What does Effecting Change mean?

Our children are the happiest when they have the chance to play, learn, and grow unhindered by hunger and want

What Does Change Mean for the Children of Pantanal?

Nicaragua has the lowest net secondary school enrollment rate in Central America (43%) and the highest primary school dropout rate in Central America (50%). It has the highest percentage of young people in Central America who are economically active (and therefore not in school): 11% of children ages 10-14.  According to the US Department of Labor, Nicaragua is one of 13 countries where coffee is produced by child or forced labor.  And while primary and secondary school education in Nicaragua is technically free, the Nicaraguan government spends barely over 3% of its GDP on education, and the quality of public education is substandard, to say the least.

In Pantanal, which is extremely poor even by Nicaraguan standards, the graduation rate from elementary school is closer to 3 in 10.  Education is key to breaking the cycle of poverty, but where do we start?

What can be done in the short term:

  1. By providing our children with a piece of fruit at the beginning of class and a proper meal upon its successful completion, the children receive the nutrition and incentive they need to study

    Proper nutrition through balanced meals daily gives the child energy to study and focus in class.  Making sure a child is well-fed also fights early drug addiction (glue sniffing, a major problem in Nicaragua, is a way to kill hunger pangs so much so that parents that can’t feed their children sometimes give them glue), and reduces child labor rates (the child does not have to go into the fields or sell in the market and buses to raise money to feed her or himself).

  2. Basic school supplies facilitate daily school attendance.  A pencil and notebook will allow the child to take notes and complete their homework.
  3. A uniform allows the child to start school at the beginning of the year.
  4. Shoes allow a child to attend school, when they otherwise might feel too embarrassed.
  5. Lice shampoo, a comb and bleach for sheets cure a child of lice and allows the child to attend school without shame.
  6. Learning English allows a child to obtain a skill that alone opens up a wealth of opportunities in tourism, teaching, and other middle class industries.
  7. Supplementary tutoring, such as we provide in our after-school program, allows the child to fill knowledge gaps that are a result of the poor quality of education in the public school system, improving their grades and allowing them to pass university entrance exams.

    Students fascinated by a volunteer’s iPad: computers and internet access would greatly increase children’s access to learning games and their capacity to complete their homework

What can be done in the long term:

  1. Training in a trade allows older elementary school dropouts to obtain a marketable skill and enter into the economy.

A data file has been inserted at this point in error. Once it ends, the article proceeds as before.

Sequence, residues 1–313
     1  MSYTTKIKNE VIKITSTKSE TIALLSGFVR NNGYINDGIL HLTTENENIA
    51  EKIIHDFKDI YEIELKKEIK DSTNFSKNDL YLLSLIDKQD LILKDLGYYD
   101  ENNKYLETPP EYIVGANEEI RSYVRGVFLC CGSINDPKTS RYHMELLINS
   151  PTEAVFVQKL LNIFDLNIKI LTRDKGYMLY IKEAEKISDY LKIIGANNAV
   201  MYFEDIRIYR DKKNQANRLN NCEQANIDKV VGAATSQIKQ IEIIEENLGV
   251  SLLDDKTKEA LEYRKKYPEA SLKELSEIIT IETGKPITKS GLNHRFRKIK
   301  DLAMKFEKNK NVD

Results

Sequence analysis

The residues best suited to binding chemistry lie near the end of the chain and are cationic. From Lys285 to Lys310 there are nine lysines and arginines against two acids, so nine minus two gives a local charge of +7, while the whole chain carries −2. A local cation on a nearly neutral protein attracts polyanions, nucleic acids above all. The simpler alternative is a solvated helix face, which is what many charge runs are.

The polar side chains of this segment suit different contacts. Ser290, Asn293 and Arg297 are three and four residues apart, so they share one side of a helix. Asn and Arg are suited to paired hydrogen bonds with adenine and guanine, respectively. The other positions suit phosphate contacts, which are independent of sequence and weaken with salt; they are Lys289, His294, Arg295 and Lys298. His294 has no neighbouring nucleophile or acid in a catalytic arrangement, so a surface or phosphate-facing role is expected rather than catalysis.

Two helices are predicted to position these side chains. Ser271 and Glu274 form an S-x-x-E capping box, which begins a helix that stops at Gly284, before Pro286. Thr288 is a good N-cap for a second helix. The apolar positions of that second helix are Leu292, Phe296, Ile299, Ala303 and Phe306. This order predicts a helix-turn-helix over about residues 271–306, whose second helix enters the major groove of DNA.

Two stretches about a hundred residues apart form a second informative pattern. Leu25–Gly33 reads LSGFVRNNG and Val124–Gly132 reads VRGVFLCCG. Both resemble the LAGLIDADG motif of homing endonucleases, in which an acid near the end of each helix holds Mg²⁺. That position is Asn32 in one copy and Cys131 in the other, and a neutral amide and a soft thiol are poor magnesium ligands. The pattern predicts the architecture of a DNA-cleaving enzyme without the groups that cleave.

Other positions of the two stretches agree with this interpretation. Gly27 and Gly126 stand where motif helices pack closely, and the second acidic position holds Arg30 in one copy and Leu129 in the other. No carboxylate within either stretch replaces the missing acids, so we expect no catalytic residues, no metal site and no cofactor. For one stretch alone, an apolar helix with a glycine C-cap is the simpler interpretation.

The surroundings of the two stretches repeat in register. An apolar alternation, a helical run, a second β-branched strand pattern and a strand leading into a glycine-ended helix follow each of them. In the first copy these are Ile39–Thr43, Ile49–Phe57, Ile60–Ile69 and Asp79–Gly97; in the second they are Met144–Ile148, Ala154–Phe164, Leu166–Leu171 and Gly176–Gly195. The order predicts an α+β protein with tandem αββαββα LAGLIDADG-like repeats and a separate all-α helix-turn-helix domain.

2. Access to computers allows older children to complete research they need to finish their homework.
  3. Community empowerment through educating all residents about their basic human rights, especially those of children and women, and their legal recourses.
  4. Breaking the cycle of poverty prevents the desperation that contributes to the high level of child labor and low level of high school graduation.
  5. University scholarships allow the brightest students to attend university and obtain the skills needed to become doctors, professors, business leaders, and other professionals.
Education Plus Nicaragua currently enacts ALL of the short-term solutions and has set its sights on enacting all of the long term solutions within the next 5 – 10 years.

Effecting Change: Concrete Results in just 6 months

Of the 22 students that submitted their report cards to us and have attended our program for at least 2 months, 12 showed improvement and 7 maintained their grades – an astounding achievement in Nicaragua, where student’s grades generally start to deteriorate in the second half of first grade until they eventually drop out .

Success!  Below are a few examples of our student’s report cards:

8 year old Prisila was failing second grade before she started in our program. After 6 months with our program, she is now amazingly earning perfect notes in math and reading/writing.

6 year old Andy was at high risk of not passing first grade.  In six months of supplementary tutoring he has improved his math and reading/writing scores by 50 – 55 percentage points!

Keyla is another one of our students with excellent and attendance. In 6 months her grades have jumped 40 points in math and 30 in reading and writing. As her teacher has written: Great job on your improvement Keyla!

Francisco is consistently one of our best students: well behaved and an eager learner.  His teacher has written on his second grade report card: I hope you stay in school! We at Education Plus will do our best to help Francisco in this endeavor.

As Covenant House’s Nicaragua Youth Status report concluded: While many factors contribute to low enrollment rates, the impact of poverty on youths’ access to education cannot be overstated. Education is associated with poverty reduction and higher levels of income. However, youth from low-income families are less likely to attend and maintain their enrollment in school. Instead, they partake in various economic activities in order to supplement their families’ meager earnings. It is crucial to develop, invest, and expand programs that increase the number of youth enrolled in primary and secondary schools and address the barriers that inhibit impoverished youths’ access to enhanced educational opportunities.

Will you help us save these beautiful children’s lives?

All donations made to Education Plus Nicaragua through our 501(c)3 partner Omprakash are 100% tax deductible